Bolivia obstaculos eng

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Bolivia obstaculos eng

  1. 1. Institutions, Growth and Poverty in Bolivia: Obstacles to broad-based growth George Gray Molina Fernanda Wanderley Gilberto Hurtado May, 2007
  2. 2. Contents <ul><li>Stylized Facts on Growth, Poverty and Competitiveness </li></ul><ul><li>Descriptive Diagnostics for “pockets of growth” </li></ul><ul><li>Case Studies for “pockets of growth” </li></ul><ul><li>Conclusions </li></ul>
  3. 3. I. Stylized Facts on Growth, Poverty and Competitiveness
  4. 4. Bolivian and Latin American economic growth GDP growth, 1980 - 2003
  5. 5. Public and private investment rates
  6. 6. Productivity rates of labor, capital and total factor productivity
  7. 7. Productivity, investment and growth Bolivia in 90’s: investment -16.8 % and growth of TFP -1.2 % Bolivia today: investment 13% and growth of TFP 0% TFP growth contribution (%) Investment (% of GDP) 12 14 16 18 20 22 24 0,0 1,9 2,1 2,3 2,5 2,7 2,9 3,1 0,5 2,5 2,7 2,9 3,1 3,3 3,5 3,7 1,0 3 3,2 3,4 3,6 3,8 4 4,2 1,5 3,5 3,8 4,0 4,2 4,4 4,6 4,8 2,0 4,1 4,3 4,5 4,8 5,0 5,2 5,4 2,5 4,6 4,9 5,1 5,3 5,5 5,7 5,9 3,0 5,2 5,4 5,7 5,9 6,1 6,3 6,5 3,5 5,7 6 6,2 6,5 6,7 6,9 7,1 4,0 6,3 6,5 6,8 7 7,2 7,5 7,7
  8. 8. 70 years to converge on competitiveness indicators (World Economic Forum)
  9. 9. II. Growth Diagnostics for “Pockets of Growth”
  10. 10. The export sector Exports composition, 1980 – 2005 (millons of dollars)
  11. 11. No traditional products composition, 1980 – 2005 (% of total) The export sector
  12. 12. Export profile of Bolivia in 1980 - 1984
  13. 13. Export profile of Bolivia in 1985 - 1989
  14. 14. Export profile of Bolivia in 1990 - 1994
  15. 15. Export profile of Bolivia in 1995 - 1999
  16. 16. Export profile of Bolivia in 2000 - 2004 Wood Articles of jewellery Cotton Leather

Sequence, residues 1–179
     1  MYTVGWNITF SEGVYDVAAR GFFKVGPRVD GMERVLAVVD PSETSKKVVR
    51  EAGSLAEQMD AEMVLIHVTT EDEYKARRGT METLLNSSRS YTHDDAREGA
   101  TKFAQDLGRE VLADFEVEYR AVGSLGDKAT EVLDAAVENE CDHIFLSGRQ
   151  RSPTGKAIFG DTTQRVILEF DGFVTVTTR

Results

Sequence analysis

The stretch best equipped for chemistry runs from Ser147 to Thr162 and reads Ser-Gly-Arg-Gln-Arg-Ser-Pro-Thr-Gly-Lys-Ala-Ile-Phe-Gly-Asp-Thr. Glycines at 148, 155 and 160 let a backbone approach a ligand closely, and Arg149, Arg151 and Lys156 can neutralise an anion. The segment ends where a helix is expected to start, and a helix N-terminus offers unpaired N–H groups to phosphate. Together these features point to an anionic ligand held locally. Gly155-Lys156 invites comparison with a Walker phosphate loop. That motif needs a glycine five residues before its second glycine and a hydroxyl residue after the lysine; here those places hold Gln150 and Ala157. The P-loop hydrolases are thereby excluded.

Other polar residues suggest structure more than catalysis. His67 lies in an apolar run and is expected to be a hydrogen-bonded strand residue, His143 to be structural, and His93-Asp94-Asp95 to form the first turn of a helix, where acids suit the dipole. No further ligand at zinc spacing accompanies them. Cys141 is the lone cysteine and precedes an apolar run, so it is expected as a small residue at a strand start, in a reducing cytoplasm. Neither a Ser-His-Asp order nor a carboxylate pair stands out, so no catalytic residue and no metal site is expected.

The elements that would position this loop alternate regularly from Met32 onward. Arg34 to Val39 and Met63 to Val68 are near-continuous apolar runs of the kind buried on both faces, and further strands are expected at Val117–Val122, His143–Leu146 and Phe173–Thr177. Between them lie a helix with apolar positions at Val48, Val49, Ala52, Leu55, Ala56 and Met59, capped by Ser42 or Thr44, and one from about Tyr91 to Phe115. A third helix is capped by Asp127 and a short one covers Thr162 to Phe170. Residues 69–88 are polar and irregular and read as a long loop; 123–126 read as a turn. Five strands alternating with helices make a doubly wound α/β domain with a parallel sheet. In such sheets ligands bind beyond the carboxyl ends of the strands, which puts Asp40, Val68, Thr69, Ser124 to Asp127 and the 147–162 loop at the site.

17. 17. III. Case studies
  18. 18. Jewelry Export Industry Exportadores Bolivianos (EB) cost structure
  19. 19. Rafaela Pitti’s (RP) cost structure Jewelry Export Industry
  20. 20. Manufactured wood products Mabet’s cost structure
  21. 21. Manufactured wood products Soex’s cost structure
  22. 22. How do institutions matter for “pockets of growth”? Commodities Price-Sensitive Quality Sensitive Public goods (low) Public goods (low) Public goods (low) Legal security (low) Legal security (low) Legal security (low) Illegal contraband Illegal contraband Supply chain coord. Supply chain coord. High cost finance High cost finance Managerial expertise Human resources All: comparative advantage is frequently based on cheap labour and cheap natural resources
  23. 23. Growth strategies for “pockets of growth” Commodities P-Sensitive Q-Sensitive Markets Bilateral trade Multilateral Multilateral Compete price Comp. price Comp. Quality Scale Large Large/medium Medium/small Formal Formal/informal Formal/Informal Managerial Backward integ. Backward coord. Low linkages High linkages All: Use institutional/managerial strategeis to get around binding contraints
  24. 24. IV. Conclusions
  25. 25. Conclusions Analytical: The pockets of growth approach allows us to control for structural constraints common to all export products. While “everything matters” at the aggregate level, specific institutional binding constraints matter the most for price-specific and quality specific industries. This allows us to “unpack” the weight of specific institutional determinants of growth and poverty reduction (pending).
  26. 26. Conclusions Policy: If “pockets of growth” emerge in low growth, low-investment and low-productivity economies, than policies that attack specific binding constraints allow a certain degree of “leap-frogging” convergence constraints. Bolivia should pursue a “three-gear” policy strategy for commodities, price-sensitive industry and quality sensitive industry that discriminates between “basics” and “tailored” policy impact (pending).

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